6th graders visit rural town of Coupeville

6th graders visit rural town of Coupeville

A group of sixth graders from central Washington enjoyed an adventure to Camp Casey to learn about and experience Whidbey Island’s history and environment.

The students, who attend Royal Intermediate School in Royal City, Wash., also visited the Museum of Flight in Everett, explored the historic town of Coupeville, stopped at Deception Pass on the northern tip of Whidbey Island and visited Snoqualmie Falls located east of Seattle.

Teacher Chris Palmer said students from Royal have visited Camp Casey for years with an exception being during the pandemic. Normally the three-day trip takes place during the spring, but the excursion was moved forward to the fall.

“We thought we could turn this into more of an education experience,” Palmer said. When students used to visit in the spring near the end of the school year, they would learn a lot but wouldn’t carry over into the classroom.

The Royal School District is a 1,700-student district where students are divided, depending on grade level, between an elementary, intermediate, middle, or high school. The school district is in Royal City, which is located southwest of Moses Lake.

Staying in the barracks at Camp Casey, students hiked to the gun emplacements at neighboring Fort Casey State Park, toured Admiralty Head Lighthouse, and learned about beaches, forests, and meadows. Students documented their experiences in journals and started an art project they will complete when they return to school.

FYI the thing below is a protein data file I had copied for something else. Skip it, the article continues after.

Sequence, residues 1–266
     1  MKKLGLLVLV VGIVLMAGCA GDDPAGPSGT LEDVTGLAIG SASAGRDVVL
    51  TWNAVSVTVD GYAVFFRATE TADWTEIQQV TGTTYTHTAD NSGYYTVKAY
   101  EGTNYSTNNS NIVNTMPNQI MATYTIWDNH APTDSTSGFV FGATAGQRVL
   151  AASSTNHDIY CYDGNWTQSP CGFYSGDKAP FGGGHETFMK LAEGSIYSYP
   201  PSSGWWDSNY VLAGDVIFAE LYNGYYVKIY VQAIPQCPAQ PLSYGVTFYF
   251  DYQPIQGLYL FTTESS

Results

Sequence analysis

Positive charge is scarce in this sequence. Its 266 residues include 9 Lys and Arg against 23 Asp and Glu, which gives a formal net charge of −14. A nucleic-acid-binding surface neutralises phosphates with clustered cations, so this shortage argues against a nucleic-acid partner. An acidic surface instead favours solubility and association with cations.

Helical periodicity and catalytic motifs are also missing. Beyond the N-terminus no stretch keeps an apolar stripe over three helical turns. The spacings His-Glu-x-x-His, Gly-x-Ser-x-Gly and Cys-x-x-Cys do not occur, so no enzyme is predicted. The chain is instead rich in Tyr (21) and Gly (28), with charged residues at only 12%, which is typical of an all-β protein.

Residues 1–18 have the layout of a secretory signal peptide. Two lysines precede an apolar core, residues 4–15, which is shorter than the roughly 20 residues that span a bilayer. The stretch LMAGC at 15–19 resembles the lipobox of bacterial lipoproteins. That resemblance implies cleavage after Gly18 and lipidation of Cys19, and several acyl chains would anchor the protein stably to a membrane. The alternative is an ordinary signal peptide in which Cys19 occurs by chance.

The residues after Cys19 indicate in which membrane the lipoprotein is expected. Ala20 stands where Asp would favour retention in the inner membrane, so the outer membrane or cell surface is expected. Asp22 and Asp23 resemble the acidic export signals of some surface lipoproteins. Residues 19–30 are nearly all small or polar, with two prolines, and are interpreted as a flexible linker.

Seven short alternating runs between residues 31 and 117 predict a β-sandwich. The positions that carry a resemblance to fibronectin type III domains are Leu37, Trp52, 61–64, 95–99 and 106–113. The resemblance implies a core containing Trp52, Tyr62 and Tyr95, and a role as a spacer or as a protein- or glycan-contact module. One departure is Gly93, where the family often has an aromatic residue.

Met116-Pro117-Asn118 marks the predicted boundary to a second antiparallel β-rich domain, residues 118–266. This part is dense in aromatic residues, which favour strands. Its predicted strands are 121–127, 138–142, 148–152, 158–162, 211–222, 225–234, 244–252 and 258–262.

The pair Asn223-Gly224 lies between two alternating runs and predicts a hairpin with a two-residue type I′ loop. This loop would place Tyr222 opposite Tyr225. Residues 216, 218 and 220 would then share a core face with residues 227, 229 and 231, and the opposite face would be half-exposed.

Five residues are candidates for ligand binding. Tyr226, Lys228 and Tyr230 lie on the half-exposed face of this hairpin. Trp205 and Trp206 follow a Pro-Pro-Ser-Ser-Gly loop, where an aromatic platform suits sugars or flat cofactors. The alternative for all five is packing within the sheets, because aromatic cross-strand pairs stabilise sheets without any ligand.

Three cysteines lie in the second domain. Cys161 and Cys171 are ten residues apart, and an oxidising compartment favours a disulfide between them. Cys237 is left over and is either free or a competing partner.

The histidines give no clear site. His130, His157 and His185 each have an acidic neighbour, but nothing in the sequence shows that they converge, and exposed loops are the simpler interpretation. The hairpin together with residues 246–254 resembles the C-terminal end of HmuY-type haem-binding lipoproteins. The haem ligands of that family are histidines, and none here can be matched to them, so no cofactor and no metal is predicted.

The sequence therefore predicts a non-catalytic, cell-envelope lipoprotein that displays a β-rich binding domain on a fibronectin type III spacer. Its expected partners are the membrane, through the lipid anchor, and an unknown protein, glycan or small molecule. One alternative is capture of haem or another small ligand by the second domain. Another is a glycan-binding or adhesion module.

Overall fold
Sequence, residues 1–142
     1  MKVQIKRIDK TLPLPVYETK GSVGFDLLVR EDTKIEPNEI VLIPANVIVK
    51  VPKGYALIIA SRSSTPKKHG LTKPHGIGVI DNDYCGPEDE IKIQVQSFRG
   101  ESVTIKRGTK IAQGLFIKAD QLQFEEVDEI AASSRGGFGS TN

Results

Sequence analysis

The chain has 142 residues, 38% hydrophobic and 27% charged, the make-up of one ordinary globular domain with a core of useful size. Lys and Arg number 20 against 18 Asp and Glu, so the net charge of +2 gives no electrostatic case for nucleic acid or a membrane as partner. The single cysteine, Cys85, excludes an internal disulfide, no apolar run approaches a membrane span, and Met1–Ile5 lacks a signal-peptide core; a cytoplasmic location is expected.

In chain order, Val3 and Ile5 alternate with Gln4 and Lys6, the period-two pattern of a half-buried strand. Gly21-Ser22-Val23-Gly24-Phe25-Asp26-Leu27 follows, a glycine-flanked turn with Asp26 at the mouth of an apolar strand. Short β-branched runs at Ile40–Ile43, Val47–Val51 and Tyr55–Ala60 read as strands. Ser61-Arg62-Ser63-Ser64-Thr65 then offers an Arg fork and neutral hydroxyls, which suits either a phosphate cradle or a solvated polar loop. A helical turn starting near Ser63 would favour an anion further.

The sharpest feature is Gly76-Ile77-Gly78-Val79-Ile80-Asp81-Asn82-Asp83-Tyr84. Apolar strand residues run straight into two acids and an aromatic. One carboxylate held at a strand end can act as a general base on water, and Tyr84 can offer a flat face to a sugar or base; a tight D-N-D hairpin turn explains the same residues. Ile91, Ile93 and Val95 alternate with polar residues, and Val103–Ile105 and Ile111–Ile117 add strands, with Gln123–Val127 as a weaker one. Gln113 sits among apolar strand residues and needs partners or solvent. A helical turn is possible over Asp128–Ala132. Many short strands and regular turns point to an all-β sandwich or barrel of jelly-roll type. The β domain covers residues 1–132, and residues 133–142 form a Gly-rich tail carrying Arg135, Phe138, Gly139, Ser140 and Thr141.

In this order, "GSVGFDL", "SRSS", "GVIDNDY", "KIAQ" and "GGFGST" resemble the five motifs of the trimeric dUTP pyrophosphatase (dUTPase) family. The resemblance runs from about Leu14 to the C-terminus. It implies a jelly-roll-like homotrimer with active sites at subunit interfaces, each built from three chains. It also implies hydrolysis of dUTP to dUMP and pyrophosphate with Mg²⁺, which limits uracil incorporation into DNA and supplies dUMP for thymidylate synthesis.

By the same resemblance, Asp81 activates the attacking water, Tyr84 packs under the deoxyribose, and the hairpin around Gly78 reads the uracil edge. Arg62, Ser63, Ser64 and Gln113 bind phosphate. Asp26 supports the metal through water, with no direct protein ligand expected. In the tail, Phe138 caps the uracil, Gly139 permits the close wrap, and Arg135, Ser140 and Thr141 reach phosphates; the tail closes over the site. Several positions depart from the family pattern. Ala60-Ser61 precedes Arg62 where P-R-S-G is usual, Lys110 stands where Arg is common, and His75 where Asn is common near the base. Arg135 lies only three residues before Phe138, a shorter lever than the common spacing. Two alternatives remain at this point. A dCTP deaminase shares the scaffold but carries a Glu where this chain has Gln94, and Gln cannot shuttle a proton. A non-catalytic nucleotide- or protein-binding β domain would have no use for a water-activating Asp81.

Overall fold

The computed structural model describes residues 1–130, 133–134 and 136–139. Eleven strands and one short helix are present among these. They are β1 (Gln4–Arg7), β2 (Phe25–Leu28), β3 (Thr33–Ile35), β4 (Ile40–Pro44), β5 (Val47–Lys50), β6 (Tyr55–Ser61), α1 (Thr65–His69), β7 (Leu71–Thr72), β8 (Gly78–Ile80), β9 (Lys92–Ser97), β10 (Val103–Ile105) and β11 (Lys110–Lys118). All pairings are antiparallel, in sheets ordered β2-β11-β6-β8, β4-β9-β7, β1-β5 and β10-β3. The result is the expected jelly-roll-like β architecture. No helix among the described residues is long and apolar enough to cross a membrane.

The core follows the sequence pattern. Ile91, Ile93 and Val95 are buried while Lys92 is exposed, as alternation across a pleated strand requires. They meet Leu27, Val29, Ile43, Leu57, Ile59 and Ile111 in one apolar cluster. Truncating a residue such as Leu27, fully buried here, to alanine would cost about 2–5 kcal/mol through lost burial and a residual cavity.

“They explore things they otherwise don’t get to see,” Palmer said.

They also took time to visit Coupeville’s historic downtown located on the shore of Penn Cove minutes away from Camp Casey. Students visited the Island County Historical Society Museum.

“They experienced a different version of a small town,” Palmer said.

Sixth graders also honed their skills for the Amazing Shake, which is a competition that takes place in Atlanta in the spring. Students develop such skills as how to make a proper handshake, learn about “working the room,” and prepare themselves for future opportunities, according to The Amazing Shake website.

“That really tests students’ employability skills,” Palmer said of the Amazing Shake.

Royal Intermediate School Principal Angie Baldus said the visit to Camp Casey offers freedom for the students.

Children and parents have their favorite part of the yearly trip that is a tradition for students attending schools in the Royal School District.

“The kids always love the fort,” Palmer said. “The families highlight the Museum of Flight.”